Many politicians feel far too important; they would like to make their own decisions like their colleagues abroad, but thanks to our system, they cannot do that. That is why you should never send a Federal Councilor to negotiate. What is said is said; a Federal Councilor can then no longer deviate from his statement, whereas a negotiator can object that he must first consult the government on this issue. A Federal Councilor should only be sent abroad to for the signing and toasting.
That was a résumé of the last 30 years of cooperation between Europe and Switzerland.
The CO2 Law’s Provisions
Now to the CO2 law.
First, good news: on June 13th, this law was rejected in a vote by the people; that is, the government has lost to the people. Two months before the vote, the polls were still at 60% for the law. In the last week before the vote, the ratio had deteriorated to 50:50, so a close result was expected. After the votes were counted, 51.6% were against and only 48.4% were in favor.
But how did this CO2 law come about? This was decided in parliament (the legislative authority) by the Left-Green side and handed over to the Federal Council (the executive authority) for execution. Only one party opposed this, the Swiss People’s Party (SVP). On the other hand, a referendum was then called by the people. Thus a referendum vote was forced. The idea for this law was related to climate change (which has been taking place since our planet has existed, even without people), with the claim that climate change was man-made.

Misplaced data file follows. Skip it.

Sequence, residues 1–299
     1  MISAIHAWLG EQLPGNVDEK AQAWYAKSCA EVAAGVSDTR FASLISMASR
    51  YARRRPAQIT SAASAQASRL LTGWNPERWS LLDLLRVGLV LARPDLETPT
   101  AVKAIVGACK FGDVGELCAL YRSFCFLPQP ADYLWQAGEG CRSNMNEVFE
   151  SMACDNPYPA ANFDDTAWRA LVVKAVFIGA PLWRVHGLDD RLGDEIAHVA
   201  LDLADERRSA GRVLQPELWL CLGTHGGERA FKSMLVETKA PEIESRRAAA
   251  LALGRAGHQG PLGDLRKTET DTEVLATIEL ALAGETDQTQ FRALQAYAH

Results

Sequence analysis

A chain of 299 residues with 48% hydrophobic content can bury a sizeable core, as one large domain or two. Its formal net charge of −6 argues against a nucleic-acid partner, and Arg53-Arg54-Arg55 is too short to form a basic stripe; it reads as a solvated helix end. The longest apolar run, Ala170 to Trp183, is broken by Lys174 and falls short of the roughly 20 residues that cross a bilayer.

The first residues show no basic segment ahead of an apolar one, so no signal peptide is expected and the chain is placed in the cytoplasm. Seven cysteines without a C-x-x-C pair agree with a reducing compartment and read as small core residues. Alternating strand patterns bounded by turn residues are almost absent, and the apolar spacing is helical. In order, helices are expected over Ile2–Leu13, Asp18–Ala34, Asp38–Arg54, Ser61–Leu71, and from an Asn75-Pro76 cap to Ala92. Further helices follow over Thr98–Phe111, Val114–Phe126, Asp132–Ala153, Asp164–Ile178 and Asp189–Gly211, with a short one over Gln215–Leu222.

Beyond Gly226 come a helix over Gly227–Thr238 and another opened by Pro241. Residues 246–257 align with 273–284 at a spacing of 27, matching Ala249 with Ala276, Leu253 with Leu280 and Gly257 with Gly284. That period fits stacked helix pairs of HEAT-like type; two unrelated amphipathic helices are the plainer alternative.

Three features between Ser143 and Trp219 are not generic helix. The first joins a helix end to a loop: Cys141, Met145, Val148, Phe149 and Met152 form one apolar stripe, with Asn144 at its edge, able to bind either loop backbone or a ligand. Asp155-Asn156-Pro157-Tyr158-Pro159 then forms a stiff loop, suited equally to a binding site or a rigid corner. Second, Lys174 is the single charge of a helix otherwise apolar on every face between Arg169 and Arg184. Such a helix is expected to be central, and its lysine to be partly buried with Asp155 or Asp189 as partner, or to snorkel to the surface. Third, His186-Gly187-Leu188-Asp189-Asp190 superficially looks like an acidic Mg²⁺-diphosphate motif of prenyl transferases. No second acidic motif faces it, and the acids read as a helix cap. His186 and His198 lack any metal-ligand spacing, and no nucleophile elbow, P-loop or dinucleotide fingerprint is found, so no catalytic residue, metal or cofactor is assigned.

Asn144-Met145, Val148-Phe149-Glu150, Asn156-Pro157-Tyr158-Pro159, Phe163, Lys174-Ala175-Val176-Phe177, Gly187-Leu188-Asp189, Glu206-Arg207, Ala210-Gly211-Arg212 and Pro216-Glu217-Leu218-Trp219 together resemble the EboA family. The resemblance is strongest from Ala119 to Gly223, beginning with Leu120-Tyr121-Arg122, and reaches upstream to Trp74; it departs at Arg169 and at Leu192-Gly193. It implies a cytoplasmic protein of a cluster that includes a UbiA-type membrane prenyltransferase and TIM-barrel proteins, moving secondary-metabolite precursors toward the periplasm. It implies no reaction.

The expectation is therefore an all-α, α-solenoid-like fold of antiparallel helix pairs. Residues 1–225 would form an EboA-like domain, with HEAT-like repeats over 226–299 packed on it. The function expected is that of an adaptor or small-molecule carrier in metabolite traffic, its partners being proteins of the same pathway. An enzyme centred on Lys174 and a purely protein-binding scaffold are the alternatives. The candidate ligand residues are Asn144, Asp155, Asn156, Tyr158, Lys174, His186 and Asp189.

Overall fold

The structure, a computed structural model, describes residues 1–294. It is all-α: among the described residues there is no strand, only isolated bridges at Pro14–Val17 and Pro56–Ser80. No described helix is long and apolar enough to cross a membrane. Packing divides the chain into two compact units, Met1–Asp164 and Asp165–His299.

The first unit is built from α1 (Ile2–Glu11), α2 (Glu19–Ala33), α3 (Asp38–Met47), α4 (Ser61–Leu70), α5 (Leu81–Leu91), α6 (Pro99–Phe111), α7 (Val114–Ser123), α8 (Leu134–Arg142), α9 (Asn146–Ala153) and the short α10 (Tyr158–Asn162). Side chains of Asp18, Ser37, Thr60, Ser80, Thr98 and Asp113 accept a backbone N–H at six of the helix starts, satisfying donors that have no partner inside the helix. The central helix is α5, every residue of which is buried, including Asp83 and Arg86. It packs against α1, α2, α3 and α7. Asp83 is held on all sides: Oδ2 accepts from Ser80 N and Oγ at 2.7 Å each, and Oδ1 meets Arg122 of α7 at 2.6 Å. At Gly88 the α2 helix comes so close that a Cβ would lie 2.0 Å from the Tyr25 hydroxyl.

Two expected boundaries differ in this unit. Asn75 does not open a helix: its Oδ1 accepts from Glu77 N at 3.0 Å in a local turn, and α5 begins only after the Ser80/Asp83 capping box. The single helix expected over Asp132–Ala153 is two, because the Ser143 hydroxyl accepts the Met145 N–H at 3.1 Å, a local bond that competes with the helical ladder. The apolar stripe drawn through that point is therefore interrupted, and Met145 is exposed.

Here are some examples of this law:
Basically, everything that pollutes the climate is charged a fee, and people who live “climate-consciously” get something back (steering tax). So, what pollutes the climate, who pays, and who gets something back? A huge administrative task that requires additional federal staff. It was promised that only about 20 new jobs were needed?!? Until everything works smoothly, it will require many times more staff in the future.